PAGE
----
Lesson Plan

Spring, Summer, Fall, Winter

a river surrounded by snow
Grade Level:
Lower Elementary: Pre-Kindergarten through Second Grade
Lesson Duration:
60 Minutes
Additional Standards:
NGSS 1-LS1-1 Use materials to design a solution to a human problem by mimicking how plants or animals use their external parts to meet their needs
1-ESS1-2. Make observations at different times of year to relate the amount of daylight to the time of year.

Essential Question

What are some ways that we know it is winter? Why is winter important to living things in Glacier National Park?


Students will be able to: list Montana’s four seasons-spring, summer, fall, winter and use visual/picture cues to identify seasons.


Every season in Montana holds surprises. Rainfall is generally light, with most falling in spring between May and July. Average rainfall for Western Montana is 18 inches a year; 13 inches for the eastern side of the state. 
During summer, brief mid-day thunderstorms are common, and heavy rains provide cool afternoon temperatures. By the time fall rolls around, the weather becomes cooler. In October, beautiful fall colors burst to life across the state. Frost often covers the ground before the sun gets high enough to chase it away.  Winters in Montana, while usually cold, have few extended cold spells. Montana’s cold spells are sometimes interrupted by warm, dry chinook winds that cause mild periods that last for ten days or more. Annual snowfall in Western Montana can reach up to 300 inches (25 feet) in the Rocky Mountains; Eastern Montana may get as little as 20 inches. Heaviest snowfall occurs between November and March, but snowstorms can occur as early as mid-September or as late as early May in the higher Southwestern part of the state. In the spring and early summer months, when the snow in the mountains begins to melt, Montana’s river’s swell with run-off. Heavy rains falling during the spring thaw constitute a serious flood threat. Ice jams in the rivers during the spring can also cause flooding.


Provide photos of Montana in summer, fall, winter, and spring.


Download Winter Wheel - Extension Activity

Download Winter Wheel 2 - Extension Activity


  1. Gather images from Montana, or Glacier National Park, in each season. This can be done online with a search for “Glacier National Park winter” or “Montana winter.” Continue collecting images for spring, summer, and fall.
  2. Introduce the names of the seasons to students. Discuss what they know about each season with questions like:  What happens to plants? What are animals doing? What do you like to do outside in this season?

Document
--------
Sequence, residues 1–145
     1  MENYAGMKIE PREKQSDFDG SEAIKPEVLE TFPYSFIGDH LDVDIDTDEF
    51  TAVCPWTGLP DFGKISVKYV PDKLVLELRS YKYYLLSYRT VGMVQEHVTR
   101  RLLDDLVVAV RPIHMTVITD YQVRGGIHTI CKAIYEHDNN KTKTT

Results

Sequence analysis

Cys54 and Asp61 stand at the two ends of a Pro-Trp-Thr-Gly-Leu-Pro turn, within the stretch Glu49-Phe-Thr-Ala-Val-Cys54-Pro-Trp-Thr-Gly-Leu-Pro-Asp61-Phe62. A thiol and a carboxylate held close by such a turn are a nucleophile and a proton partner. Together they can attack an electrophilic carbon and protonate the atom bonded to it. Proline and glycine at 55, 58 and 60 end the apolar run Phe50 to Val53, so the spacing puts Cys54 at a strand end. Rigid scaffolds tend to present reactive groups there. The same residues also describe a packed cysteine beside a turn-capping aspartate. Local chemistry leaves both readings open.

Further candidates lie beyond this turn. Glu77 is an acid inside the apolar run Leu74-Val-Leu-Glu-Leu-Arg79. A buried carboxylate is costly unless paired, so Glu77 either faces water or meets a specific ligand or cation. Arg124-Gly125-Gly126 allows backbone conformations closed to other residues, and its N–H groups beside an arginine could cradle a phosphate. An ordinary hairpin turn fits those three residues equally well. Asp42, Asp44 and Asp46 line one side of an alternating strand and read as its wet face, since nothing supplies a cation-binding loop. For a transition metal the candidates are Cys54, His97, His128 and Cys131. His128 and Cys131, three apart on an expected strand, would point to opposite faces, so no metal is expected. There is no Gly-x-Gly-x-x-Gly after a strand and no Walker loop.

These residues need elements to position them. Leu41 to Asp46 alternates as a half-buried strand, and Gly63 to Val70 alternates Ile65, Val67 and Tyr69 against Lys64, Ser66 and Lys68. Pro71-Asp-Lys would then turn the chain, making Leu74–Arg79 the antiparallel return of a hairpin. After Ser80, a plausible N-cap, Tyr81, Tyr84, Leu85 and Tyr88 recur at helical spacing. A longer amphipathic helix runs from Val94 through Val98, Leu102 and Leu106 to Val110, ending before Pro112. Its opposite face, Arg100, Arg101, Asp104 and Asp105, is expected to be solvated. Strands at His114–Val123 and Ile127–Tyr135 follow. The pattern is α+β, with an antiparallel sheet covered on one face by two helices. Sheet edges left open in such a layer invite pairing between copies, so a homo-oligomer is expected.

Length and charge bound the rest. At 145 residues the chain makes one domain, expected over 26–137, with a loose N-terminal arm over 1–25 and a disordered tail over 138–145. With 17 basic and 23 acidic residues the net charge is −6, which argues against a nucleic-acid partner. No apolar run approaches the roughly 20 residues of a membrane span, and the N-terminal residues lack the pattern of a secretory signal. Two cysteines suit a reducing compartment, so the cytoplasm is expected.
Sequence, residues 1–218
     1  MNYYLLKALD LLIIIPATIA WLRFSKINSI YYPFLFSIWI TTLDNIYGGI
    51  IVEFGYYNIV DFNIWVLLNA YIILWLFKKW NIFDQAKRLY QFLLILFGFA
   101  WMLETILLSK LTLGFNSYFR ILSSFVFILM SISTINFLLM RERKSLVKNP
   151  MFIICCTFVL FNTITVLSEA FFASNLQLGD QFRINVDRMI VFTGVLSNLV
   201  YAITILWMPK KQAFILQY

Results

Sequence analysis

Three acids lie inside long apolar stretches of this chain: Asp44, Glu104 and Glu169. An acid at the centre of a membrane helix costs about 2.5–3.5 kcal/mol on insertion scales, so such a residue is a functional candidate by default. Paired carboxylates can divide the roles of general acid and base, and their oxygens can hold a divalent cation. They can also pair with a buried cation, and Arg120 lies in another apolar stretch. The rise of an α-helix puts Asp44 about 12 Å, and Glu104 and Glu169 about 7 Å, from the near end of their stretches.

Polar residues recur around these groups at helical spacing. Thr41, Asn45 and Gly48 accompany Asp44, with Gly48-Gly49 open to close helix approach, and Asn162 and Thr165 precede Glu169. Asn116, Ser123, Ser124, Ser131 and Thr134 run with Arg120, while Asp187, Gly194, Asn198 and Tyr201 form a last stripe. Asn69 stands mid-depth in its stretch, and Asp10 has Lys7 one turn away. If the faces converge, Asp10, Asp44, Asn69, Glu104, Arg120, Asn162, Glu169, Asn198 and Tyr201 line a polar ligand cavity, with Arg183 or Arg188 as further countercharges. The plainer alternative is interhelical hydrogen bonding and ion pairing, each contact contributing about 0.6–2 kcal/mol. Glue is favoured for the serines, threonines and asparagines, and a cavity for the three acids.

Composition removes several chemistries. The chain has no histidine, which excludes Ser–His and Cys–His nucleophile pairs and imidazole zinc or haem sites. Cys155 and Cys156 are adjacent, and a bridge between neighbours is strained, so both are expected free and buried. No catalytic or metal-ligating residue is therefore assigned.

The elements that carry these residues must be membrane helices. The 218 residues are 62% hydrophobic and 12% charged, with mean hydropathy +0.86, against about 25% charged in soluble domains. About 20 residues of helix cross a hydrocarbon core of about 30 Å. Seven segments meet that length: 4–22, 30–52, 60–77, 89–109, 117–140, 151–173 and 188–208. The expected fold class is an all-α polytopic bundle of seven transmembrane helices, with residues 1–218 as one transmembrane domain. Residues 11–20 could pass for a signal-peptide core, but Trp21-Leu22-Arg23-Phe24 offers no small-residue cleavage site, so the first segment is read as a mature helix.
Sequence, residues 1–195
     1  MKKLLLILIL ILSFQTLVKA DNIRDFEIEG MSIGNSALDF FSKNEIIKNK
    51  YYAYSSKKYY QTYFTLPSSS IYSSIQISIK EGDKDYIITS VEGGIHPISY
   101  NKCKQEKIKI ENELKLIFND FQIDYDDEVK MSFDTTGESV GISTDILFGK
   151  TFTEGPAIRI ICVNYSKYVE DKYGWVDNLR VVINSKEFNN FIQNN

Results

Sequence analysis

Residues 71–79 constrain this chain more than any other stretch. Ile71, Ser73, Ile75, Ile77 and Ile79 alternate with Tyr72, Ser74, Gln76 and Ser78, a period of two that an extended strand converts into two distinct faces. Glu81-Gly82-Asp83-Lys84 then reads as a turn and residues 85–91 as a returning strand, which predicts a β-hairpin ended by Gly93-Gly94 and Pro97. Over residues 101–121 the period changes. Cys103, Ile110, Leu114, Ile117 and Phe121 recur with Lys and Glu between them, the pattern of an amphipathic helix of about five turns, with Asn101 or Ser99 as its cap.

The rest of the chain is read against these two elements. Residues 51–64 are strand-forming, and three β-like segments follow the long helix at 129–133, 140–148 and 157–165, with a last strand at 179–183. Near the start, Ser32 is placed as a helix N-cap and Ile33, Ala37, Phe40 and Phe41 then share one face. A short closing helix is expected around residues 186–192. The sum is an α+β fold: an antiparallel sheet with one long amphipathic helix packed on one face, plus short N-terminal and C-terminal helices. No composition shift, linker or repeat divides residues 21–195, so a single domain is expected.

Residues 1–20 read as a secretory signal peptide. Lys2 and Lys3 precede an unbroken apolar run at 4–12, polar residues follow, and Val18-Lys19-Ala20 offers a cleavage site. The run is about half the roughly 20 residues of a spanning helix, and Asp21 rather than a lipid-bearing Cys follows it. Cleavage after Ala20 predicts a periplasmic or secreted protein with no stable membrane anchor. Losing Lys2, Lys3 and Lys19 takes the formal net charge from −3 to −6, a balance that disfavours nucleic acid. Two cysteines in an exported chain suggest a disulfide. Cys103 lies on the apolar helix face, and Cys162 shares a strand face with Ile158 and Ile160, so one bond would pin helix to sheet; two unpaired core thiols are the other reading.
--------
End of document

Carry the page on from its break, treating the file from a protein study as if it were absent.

3. Bring images of different seasons up on an interactive whiteboard, one at a time. Discuss each picture. Have students decide what time of the year the picture shows. Ask students to give specific reasons to support their answers. 
  4. Explain that, just like each of the other seasons, winter is a special time of the year in Montana. It is usually a time of colder temperatures, snowy weather, and shorter days and longer nights. These are some of the things that make winter different than the other seasons. 


Listen to and sing this Seasons Song to remember how each season is different (or make up your own seasons song to a familiar tune).
Here we go, oh, oh
Seasons of the year
Here comes the spring with the rain pouring down
Here comes the spring with the flowers in the ground
Here comes the spring with the rainbow in the sky
Here comes the spring to bring new life
Here comes the summer with the heat from the sun
Here comes the summer with the kids having fun
Here comes the summer with the warm breeze
Here comes the summer with the trees so green
Here comes the fall with the leaves changing color
Here comes the fall with the weather getting cooler
Here comes the fall with the leaves falling down
Here comes the fall with the wind blowing loud
Here comes the winter with the ice and the snow
Here comes the winter with the freezing cold
Here comes the winter with the days getting shorter
Here comes the winter with the nights getting longer

Have students complete the Winter Wheel on the following pages. Students can write words or draw pictures to complete each sentence about winter.

Assessment Materials

Ask students to describe characteristics of each season and to tell which season different pictures show, supporting their answers with information gathered from the photo.

Contact Information

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Last updated: December 29, 2020